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The Homeowners Column
Garden “to do” list
State Master Gardener Coordinator
I've been writing this weekly column for the Champaign-Urbana News Gazette for 14 years now; actually for 14 years and 20 weeks. That comes to 748 columns and 748 frantic flashes of frenzy when I shriek, "What am I going to write about this week?" Out of all the topics I cover, I receive the most comments about my "to do" lists. We all know when we have to pay our taxes, when to expect a birthday card, and when we should have gotten an anniversary card from a forgetful spouse, but when to prune the lilacs remains a mystery. If you have a nagging feeling you should be doing something right now and you're pretty sure the feeling has nothing to do with anniversaries, here is your garden "to do" list.
- Remove spent flowers on spring flowering bulbs, but wait until foliage ripens naturally before removing it.
- Remove spent flowers of peonies, but do not remove leaves until fall.
- Set flower supports early. Let plants grow through them.
- Plant tropical water lilies when water temperature is over 55º F.
- Over-wintered tender annuals or tropicals such as hibiscus, gardenia, mandevilla, and geranium may be pruned, cleaned, and fertilized. Gradually move to protected location outdoors.
- Begin pinching top 1-2 inches of new growth on chrysanthemums to encourage full bushy plants. Stop pinching in early July.
- With clump-forming perennial flowers such as asters, beebalm, and tall phlox pinch out the top growth of the front half of the clump. This technique extends the bloom time since the front half will bloom about 2 weeks later and also shapes the clump into cultured tiers.
- Experiment with pinching back the top growth of tall sedum to keep it from flopping apart. Smaller flowers will arrive later, but will be more numerous. If the plants are getting plenty of sun, this may be a good alternative to staking.
- Severely prune sage, butterfly bush, Russian sage, and Caryopteris to stimulate growth. Remove winter-killed stems on roses.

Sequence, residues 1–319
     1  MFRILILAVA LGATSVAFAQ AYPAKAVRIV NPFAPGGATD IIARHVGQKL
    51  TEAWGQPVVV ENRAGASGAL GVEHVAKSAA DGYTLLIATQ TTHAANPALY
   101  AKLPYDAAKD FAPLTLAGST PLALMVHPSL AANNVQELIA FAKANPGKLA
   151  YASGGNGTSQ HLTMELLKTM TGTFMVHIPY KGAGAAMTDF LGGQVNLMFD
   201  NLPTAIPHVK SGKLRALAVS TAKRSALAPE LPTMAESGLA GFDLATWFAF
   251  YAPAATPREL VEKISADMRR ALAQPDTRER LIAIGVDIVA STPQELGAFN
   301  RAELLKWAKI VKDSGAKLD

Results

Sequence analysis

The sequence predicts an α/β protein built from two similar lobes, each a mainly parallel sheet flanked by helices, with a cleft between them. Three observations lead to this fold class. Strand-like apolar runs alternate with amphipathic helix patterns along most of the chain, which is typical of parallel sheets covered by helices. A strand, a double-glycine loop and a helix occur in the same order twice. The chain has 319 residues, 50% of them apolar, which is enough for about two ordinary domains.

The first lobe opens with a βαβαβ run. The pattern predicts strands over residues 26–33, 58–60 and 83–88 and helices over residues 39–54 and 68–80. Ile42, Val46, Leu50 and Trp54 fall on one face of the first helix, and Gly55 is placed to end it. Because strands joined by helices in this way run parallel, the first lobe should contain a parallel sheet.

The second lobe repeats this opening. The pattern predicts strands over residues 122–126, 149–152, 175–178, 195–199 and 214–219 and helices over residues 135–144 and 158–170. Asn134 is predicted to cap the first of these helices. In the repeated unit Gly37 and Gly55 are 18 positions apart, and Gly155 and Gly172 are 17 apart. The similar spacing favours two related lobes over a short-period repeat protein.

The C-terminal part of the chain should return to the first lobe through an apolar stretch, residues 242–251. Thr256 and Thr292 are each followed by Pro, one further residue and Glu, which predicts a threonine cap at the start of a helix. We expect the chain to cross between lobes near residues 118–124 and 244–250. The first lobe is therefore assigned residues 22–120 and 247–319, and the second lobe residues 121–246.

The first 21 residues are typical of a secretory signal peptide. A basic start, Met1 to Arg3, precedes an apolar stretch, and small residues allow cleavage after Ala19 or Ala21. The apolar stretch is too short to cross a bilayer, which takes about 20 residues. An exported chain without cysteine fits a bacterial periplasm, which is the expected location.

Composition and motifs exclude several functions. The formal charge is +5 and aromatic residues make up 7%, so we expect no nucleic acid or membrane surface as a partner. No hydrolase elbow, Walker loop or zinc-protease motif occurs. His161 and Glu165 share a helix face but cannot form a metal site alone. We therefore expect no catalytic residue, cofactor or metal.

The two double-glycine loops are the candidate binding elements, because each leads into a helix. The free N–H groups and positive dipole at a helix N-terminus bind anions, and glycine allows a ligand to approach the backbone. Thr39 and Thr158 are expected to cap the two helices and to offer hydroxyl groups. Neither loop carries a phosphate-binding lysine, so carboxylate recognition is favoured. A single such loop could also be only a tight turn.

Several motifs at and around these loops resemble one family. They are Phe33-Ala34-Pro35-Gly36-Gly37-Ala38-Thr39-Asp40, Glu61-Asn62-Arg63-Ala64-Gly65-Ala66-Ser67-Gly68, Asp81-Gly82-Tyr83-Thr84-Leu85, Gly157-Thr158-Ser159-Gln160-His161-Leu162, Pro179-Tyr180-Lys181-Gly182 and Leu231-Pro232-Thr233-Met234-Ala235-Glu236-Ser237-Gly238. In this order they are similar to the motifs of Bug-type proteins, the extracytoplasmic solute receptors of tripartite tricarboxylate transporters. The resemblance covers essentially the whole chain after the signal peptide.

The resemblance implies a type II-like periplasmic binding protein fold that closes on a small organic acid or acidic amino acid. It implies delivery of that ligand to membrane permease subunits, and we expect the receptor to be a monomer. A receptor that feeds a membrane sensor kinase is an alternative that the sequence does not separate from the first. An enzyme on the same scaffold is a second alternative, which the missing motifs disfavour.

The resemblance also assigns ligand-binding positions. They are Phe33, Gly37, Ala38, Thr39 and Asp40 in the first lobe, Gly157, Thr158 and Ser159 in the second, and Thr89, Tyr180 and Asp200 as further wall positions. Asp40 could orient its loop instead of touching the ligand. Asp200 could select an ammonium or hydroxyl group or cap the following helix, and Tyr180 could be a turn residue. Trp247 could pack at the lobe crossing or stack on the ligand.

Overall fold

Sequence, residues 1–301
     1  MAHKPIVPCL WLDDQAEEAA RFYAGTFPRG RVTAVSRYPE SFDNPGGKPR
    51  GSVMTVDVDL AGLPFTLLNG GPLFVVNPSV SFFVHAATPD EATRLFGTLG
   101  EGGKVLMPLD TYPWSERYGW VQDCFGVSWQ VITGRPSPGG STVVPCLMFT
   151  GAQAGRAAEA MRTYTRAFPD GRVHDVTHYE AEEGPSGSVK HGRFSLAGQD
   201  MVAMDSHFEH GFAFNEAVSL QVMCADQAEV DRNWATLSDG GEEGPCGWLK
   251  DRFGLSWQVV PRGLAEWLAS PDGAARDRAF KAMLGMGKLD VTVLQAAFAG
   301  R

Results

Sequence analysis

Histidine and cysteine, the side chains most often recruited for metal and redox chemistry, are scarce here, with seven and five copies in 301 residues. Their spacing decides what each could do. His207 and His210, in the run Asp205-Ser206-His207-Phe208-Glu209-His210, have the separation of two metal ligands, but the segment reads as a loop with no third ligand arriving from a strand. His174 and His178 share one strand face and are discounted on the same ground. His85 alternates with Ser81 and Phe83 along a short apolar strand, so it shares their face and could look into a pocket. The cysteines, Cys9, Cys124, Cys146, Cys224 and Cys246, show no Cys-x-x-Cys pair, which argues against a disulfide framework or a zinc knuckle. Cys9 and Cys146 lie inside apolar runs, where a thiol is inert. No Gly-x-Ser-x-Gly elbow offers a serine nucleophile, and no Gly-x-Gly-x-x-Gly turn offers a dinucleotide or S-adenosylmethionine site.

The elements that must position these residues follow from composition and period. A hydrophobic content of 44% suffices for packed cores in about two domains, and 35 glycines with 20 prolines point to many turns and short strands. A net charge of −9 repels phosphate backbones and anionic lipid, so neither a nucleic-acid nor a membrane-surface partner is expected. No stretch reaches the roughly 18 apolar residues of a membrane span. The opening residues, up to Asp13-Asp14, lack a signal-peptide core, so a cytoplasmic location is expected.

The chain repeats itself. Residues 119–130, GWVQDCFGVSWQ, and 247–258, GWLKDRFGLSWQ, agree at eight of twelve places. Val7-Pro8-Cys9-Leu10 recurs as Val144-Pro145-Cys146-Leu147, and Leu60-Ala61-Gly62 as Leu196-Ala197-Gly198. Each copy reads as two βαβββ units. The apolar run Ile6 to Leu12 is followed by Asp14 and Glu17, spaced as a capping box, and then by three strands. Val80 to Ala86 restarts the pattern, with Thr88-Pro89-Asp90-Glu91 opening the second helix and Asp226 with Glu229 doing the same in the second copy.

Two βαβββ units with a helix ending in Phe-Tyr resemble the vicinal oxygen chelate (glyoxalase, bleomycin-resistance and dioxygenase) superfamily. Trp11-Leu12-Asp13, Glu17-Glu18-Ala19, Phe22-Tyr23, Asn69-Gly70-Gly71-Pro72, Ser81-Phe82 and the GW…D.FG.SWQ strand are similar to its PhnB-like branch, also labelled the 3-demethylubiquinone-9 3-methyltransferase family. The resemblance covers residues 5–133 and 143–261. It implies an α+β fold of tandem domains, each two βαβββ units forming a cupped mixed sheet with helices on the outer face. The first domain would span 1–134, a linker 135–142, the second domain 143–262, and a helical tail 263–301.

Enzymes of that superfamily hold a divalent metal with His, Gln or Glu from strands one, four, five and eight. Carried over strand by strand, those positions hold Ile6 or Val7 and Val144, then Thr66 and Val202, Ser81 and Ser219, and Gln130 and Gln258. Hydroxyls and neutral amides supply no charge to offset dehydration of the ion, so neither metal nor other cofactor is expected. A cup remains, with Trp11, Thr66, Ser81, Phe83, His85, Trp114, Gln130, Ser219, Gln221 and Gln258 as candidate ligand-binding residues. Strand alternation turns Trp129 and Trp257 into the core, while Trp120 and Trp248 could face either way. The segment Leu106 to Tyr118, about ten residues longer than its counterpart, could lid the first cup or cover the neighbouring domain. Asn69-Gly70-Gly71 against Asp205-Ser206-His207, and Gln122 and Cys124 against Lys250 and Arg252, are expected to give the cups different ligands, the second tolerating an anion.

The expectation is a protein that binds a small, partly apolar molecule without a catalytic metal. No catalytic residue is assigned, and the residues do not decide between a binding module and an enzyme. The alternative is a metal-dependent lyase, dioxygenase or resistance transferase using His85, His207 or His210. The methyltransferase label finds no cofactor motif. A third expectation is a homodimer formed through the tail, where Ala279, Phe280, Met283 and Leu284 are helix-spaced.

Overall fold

- Fertilize in early May with one pound of actual nitrogen per 1,000 square feet. Slow release nitrogen forms are preferred.
- Continue post-emergence herbicide treatment for broadleaf weeds if necessary.
- Pick strawberries. Remove any rotten fruit to reduce picnic beetle populations.
- Continue control of insects and diseases on fruit trees.
- Pinch azalea and rhododendron blossoms as they fade.
- Fertilize azaleas after bloom. Use fertilizer for acid-loving plants.
- Prune spring flowering shrubs such as lilac, weigela, viburnum, and flowering almond soon after bloom using renewal method. Prune oldest stems to the ground to encourage better flowering.
- Monitor pines especially Scotch and mugho for caterpillar-like sawfly larvae on new shoots. Hand removal is effective or insecticide sprays of spinosad, neem oil or carbaryl.
- Late May scout for pine needle scale and oystershell scale crawlers by circling stems with inverted black tape. Young crawlers are present about the time bridal wreath spirea is in late bloom or has finished bloom. Timing is crucial for scale control. Insecticidal soaps and summer oil sprays are effective.
- Early June scout for euonymus scale when catalpa starts to bloom.
- Mid-May plant sweet corn, squash, tomatoes, eggplant, sweet potato, and other warm loving crops.
- Thin carrots and beets to allow root development.
- Continue to harvest asparagus and rhubarb.
- Prune sage to stimulate new growth.
- Plant transplants or seeds of annual herbs such as basil and dill. Sow extra dill or parsley for the swallowtail caterpillars.
- Do not irrigate late in afternoon. Foliage should be dry at night to help prevent diseases.
- Practice good sanitation. Remove and destroy diseased leaves.
- Mulch with organic mulches such as wood chips to reduce weeding and conserve moisture.
- Be sure to read, understand, and follow all pesticide label directions.
- Send me ideas for my column.